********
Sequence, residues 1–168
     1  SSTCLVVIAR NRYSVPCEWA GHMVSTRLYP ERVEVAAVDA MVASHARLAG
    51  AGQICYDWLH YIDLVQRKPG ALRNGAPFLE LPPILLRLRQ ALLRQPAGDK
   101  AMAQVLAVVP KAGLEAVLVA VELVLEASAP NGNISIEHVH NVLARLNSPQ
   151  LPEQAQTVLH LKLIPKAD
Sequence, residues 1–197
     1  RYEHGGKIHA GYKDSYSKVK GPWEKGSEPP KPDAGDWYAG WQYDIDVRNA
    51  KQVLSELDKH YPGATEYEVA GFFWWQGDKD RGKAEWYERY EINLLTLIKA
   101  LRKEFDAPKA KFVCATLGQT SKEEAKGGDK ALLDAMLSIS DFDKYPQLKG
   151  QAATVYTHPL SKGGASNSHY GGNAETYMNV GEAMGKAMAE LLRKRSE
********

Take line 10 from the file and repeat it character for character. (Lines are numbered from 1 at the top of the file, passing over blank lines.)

   151  QAATVYTHPL SKGGASNSHY GGNAETYMNV GEAMGKAMAE LLRKRSE